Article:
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If an image has no copyright or watermark what are my responsibilities to find out if it is copyrighted before using it?

Accord, NY |

I used a photo from a Google search on Facebook that had no copyright symbol, watermarks or artist credit, although I looked. Now, a year later, some company (seemingly legit.) says I owe the photographer $500. This photo appears in many places on the web, but nowhere that I could see was the photographer given credit and there was no indication of a copyright. Once this law firm (?) gave me the photographer's name I located a UK newspaper source showing he won a photo contest and I assume that is the source of the original photo that is now spread all over the web. Telling me I owe $500 is like saying I missed the invisible price tag on the item I found on the street. Do I have any legal standing here?

Attorney Answers 6

Posted

Your situation is not new and there appears to be good news, and bad news:

Good news, immediately removing the image from your site will prevent willful copyright infringement claims by this copyright holder.

Bad news, copyright infringement is a strict statutory crime punishable by anywhere from $750 to $thousands in penalties, even if the infringer did not know the work was copyrighted (although "innocent infringement" can mitigate the penalties).

Good news, you are not ignoring the letter you received (and this has become a rampant scourge across the internet where literally thousands are being threatened with lawsuits (Getty Images famously) and they almost always leads to a lawsuit, where attorney fees start adding up.

Bad news, you are one of those thousands.

Good news, an attorney may help you... somewhat: a claim of innocent infringement can greatly mitigate the statutory damages One could also consider enjoining the owner of the website where you first obtained the copyrighted image, to force them to pay their fair share (100%?), and they in turn can enjoin their source, etc, until this crazy pursuit of balance between visible copyright identification and protection is achieved. Maybe your simple "innocent infringement" would not be worth the effort for them to enforce. All these seem costly pursuits to me.

Bad news, again, you are one of the thousands reeiving these "settlement offers."

I am eager to see what more experienced attorneys may offer.

Good luck.

My disclaimer is simply that Avvo already has an adequate disclaimer.

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Bruce E. Burdick

Bruce E. Burdick

Posted

I am guessing that the code for this electronic picture has an embedded copyright notice. However, that may or not be sufficient to be statutory notice such as to get enhanced "statutory" damages.

Posted

You've probably got no good legal argument. This isn't a standing issue, which refers to your right to be in court.

Copyright infringement is a "strict liability" tort. That means your intent doesn't matter. It means that you've got _all_ the responsibility to find out who owns something before you use it.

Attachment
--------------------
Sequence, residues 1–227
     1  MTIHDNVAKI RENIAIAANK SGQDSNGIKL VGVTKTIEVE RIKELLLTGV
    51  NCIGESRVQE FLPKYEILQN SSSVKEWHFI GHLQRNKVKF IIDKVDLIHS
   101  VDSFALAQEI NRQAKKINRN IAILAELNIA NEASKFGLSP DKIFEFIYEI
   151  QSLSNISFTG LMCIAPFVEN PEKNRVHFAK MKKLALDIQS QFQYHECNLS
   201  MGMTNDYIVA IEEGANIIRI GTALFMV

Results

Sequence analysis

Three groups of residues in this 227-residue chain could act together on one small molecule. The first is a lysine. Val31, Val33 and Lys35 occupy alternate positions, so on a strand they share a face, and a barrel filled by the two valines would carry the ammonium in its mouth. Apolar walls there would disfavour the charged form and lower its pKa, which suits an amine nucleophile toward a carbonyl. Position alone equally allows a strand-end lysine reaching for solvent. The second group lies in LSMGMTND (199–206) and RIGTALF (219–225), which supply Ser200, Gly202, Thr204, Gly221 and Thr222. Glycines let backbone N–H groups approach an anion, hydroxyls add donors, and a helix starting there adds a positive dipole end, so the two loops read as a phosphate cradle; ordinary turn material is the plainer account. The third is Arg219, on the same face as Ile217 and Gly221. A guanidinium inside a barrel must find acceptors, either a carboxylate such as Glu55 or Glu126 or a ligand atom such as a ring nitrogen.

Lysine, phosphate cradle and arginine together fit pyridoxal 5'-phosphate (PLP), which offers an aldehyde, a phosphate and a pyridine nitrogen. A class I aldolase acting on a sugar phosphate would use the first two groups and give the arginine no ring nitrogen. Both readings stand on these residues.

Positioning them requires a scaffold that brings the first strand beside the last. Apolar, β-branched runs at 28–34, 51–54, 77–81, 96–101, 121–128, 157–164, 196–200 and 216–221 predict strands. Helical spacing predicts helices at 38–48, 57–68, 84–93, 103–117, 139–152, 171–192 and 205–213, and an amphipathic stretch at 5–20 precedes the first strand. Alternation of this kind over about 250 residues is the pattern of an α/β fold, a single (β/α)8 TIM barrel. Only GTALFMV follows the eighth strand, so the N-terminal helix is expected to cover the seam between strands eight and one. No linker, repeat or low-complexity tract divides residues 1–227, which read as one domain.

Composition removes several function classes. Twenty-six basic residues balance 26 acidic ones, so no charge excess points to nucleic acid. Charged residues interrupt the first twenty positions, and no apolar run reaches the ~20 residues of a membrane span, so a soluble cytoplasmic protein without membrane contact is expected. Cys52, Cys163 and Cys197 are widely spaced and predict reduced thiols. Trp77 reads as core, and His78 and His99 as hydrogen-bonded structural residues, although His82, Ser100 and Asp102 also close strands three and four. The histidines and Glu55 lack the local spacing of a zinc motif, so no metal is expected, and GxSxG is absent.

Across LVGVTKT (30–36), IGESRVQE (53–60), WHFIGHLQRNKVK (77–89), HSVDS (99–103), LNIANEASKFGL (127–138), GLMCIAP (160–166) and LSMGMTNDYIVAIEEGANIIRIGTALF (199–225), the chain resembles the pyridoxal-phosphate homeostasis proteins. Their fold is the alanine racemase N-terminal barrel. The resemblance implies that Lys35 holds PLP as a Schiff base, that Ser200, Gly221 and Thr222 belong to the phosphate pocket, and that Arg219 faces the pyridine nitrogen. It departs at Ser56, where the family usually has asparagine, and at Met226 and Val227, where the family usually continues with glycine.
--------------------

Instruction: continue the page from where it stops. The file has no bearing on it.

Just because something's "public" in the sense that it's displayed on the internet doesn't mean it's "public domain." In fact, most everything on the internet is owned by someone, and _not_ available for others to take and use as they like.

You seem to think that copyright notice is prerequisite to finding liability. It's not, but it would certainly help you fight any claim of "willfulness" of there was one. Here, it's clear that a demand for only $500 doesn't assume your use was willful, in the face of their clear rights.

$500 is a relatively cheap lesson. Ask the law firm to provide you with a copy of the copyright certificate and any assignment to any stock photography gallery, if that's who's making the claim, rather than the photographer themself. Then once you pay, make sure you get a written release and maybe a license to use the photo in the future, if $500 is what they get for licenses.

Avvo doesn't pay us for these responses, and I'm not your lawyer just because I answer this question or respond to any follow-up comments. If you want to hire me, please contact me. Otherwise, please don't expect a further response. We need an actual written agreement to form an attorney-client relationship. I'm only licensed in CA and you shouldn't rely on this answer, since each state has different laws, each situation is fact specific, and it's impossible to evaluate a legal problem without a comprehensive consultation and review of all the facts and documents at issue.

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Asker

Posted

I will ask for the certificate. If I could actually find the photographer I would offer him a settlement, but less than what is being requested. I think there needs to be some form of warning created in cases like this where no disrespect, attempt at profit or theft was intended. I know it doesn't matter, but the irony is I used the image to promote the very environmental cause the photographer was originally promoting when he took the photo. I guess no good deed goes unpunished. Thank you for taking the time to help me, I really appreciate it.

Pamela Koslyn

Pamela Koslyn

Posted

Yeah it's ironic. If the law firm is representing the photographer, mention that when you negotiate for a license, that you're on the same side as their client, environmental-wise. Realize that strict liability offenses don't consider intent. That's why it's called _strict liability. The same doctrine applies to defective products -- the manufactures don't mean to injure people, but they do, so they pay.